It is interesting that two technology companies that provide allocation, rebalance, and trade products have faced similar scandals over alleged fraudulent activity within the past 12 months. Nine Mile (TradeWarrior) also suffered a blow with resulting SEC action against board member(s) / investor(s) (see for more details.)

Mr. DePina took appropriate action with regard to Mr. Spangler. However this doesn’t reduce the sting of negative PR, especially in the middle of the industry’s trade show season. There is risk in external funding and there is certain to be scrutiny to face. Especially due to the nature of Mr. Spangler’s board relationship with Tamarac and the alleged fraudulent funding practices.

This is a process Tamarac will just have to get through and nothing but time will reduce the sting.

The big question is how will the industry view this now as rebalancing and trading have become a focal point. Only time will tell.


Fear + Greed = Profit


Frank Jimenez said:

October 17, 2011 — 8:49 PM UTC

From NAPFA’s statement above:

“At this point, Mr. Spangler may only be guilty of misjudging his client’s risk tolerance — something any advisor could face in these volatile times.”

Now that’s a stretch if I ever heard one. Reading through the affidavit seems to indicate that Mr. Spangler may be guilty of much more than that. This does not lead any further credence to your organization when the statements you put out to the public sound like this.


Mr. J P Morgan said:

October 18, 2011 — 3:12 AM UTC

Mr. DePina’s statement referencing “Mark Spangler’s big trouble with the feds won’t harm Tamarac” is I feel, a bit hasty. His statement '“I’m more concerned about prospects questioning our credibility.”’ belies the “won’t harm” facade of confidence.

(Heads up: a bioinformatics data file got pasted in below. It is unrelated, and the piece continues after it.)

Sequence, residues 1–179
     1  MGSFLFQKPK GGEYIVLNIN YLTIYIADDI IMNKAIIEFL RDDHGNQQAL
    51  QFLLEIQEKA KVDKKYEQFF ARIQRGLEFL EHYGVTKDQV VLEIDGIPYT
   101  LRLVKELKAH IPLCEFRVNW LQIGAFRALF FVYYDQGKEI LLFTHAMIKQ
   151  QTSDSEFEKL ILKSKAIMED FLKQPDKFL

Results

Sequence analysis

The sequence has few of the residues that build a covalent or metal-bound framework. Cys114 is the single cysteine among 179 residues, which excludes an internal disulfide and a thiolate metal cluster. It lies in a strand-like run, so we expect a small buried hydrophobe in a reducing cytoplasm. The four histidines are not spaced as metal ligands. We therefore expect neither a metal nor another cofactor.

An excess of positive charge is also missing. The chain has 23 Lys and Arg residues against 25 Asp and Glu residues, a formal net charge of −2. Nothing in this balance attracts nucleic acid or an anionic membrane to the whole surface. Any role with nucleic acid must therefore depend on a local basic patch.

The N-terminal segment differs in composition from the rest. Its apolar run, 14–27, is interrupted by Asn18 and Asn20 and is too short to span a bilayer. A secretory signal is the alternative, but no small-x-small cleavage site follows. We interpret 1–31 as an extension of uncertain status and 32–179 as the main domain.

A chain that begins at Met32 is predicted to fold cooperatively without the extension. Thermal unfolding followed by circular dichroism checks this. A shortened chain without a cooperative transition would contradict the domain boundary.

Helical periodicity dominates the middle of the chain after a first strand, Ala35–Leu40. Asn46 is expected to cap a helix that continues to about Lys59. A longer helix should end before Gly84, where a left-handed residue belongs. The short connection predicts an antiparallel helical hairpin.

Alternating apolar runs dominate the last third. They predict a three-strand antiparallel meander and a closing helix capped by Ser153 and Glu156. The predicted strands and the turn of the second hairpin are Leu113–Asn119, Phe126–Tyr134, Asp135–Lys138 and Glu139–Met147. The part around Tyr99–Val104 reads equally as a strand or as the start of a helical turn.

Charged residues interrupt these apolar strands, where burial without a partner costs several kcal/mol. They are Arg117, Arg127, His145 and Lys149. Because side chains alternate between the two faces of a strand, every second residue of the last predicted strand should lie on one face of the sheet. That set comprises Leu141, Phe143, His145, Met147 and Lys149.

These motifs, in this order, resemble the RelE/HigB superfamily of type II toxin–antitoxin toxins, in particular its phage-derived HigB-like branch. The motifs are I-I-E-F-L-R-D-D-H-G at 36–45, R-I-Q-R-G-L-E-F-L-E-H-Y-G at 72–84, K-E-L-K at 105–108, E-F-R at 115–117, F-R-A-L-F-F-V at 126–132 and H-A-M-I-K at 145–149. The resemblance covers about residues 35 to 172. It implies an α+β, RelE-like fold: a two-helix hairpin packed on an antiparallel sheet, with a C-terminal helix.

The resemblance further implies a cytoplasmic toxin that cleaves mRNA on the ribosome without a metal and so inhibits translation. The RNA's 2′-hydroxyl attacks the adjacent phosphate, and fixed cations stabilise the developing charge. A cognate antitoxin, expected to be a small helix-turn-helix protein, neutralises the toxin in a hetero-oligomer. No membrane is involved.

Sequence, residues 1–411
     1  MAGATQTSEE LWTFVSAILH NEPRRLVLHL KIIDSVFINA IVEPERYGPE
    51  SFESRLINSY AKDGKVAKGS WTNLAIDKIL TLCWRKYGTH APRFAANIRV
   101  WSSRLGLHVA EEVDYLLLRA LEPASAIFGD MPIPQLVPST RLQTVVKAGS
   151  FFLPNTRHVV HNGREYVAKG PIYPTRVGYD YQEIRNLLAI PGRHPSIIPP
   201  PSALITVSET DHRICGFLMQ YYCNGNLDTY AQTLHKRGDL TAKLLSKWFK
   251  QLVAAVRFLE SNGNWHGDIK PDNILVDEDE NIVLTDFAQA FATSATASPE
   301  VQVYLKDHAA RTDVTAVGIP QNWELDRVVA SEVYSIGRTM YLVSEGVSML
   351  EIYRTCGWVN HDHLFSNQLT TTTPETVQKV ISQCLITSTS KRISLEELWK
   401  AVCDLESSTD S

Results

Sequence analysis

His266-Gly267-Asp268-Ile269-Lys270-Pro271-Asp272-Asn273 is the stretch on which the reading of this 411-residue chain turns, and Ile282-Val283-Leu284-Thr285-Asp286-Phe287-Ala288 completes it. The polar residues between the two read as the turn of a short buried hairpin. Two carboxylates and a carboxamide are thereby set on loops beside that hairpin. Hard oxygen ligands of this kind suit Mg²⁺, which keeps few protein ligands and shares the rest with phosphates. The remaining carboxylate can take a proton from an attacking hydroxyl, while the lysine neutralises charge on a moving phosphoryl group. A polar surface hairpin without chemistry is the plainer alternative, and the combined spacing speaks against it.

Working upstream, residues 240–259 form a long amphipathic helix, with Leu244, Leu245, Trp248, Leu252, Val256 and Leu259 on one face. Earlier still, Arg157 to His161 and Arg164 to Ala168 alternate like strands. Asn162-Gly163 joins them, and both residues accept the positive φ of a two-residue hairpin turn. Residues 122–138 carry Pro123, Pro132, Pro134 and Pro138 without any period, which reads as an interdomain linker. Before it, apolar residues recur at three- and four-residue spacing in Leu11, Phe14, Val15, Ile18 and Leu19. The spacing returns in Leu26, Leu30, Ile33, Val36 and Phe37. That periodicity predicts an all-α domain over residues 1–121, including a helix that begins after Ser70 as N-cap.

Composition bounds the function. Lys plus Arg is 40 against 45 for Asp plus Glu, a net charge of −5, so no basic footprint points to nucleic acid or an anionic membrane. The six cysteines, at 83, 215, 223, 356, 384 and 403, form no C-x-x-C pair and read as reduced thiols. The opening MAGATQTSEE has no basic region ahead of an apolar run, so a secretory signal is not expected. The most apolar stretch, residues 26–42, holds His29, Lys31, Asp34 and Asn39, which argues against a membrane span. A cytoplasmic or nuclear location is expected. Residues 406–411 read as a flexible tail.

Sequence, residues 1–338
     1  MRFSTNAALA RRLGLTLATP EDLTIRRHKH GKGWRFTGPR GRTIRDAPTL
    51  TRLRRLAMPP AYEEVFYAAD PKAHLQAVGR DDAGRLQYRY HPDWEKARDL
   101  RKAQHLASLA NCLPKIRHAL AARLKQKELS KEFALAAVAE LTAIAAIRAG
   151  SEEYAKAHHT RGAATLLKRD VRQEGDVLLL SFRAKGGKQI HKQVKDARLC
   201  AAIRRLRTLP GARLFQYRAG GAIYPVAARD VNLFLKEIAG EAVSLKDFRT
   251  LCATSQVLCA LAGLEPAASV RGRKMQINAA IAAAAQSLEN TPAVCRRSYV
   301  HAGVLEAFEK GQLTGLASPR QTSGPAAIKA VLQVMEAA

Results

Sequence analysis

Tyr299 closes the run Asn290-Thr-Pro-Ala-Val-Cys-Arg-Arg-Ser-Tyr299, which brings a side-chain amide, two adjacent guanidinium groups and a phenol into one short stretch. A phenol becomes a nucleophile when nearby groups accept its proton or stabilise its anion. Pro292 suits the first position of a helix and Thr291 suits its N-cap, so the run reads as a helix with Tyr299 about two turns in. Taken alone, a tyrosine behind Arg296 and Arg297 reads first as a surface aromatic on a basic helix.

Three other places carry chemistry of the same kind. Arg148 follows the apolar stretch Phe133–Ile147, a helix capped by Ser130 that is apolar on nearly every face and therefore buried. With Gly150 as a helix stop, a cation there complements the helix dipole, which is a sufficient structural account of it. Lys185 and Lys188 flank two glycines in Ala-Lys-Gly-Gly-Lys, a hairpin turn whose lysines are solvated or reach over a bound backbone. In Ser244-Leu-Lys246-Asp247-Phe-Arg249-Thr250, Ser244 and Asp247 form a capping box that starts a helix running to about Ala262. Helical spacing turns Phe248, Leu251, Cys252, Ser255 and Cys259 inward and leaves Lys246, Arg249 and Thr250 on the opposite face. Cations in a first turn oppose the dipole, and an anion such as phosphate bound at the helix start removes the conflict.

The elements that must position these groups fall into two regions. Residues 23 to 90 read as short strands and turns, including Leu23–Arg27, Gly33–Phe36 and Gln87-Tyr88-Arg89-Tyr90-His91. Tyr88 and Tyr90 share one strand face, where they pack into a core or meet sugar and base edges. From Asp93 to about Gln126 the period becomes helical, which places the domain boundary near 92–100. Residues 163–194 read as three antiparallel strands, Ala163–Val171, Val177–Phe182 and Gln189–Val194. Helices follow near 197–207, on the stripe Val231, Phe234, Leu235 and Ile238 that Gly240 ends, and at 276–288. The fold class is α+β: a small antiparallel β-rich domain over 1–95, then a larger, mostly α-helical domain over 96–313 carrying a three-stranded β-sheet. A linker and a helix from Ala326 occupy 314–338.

As for NAPFA’s comments, well what more can be said. It’s CYA time at NAPFA with Spangler’s and it’s own reputation in the balance this being the second formerNAPFA president to be disgraced since Putman’s demise.

Perhaps NAPFA should watchdog all of their former officials:))



J L Livermore said:

October 18, 2011 — 3:42 AM UTC

I forgot to post this entry from the Salt Lake Tribune regarding NineMile ( TradeWarrior ) and the Deru family fraudsters, alleged fraudsters that is. More fun reading here:

The tale told is one of brazen manipulation of now defunct NMLE (NineMile), stock price and blatant lies told to clients is just amazing. What is even more amazing is their apparent flagrant disrespect for regulators as they didn’t even try to hide what they were up to. I guess they figured the SEC wouldn’t catch on just like they didn’t with Bernie – right. Out of this Belsen Getty won a cease-and-desist order that appears to be waiting final response.

I wonder which tech firm is next?



Chris Wade said:

March 17, 2014 — 4:36 PM UTC

Perhaps a follow-up story is due?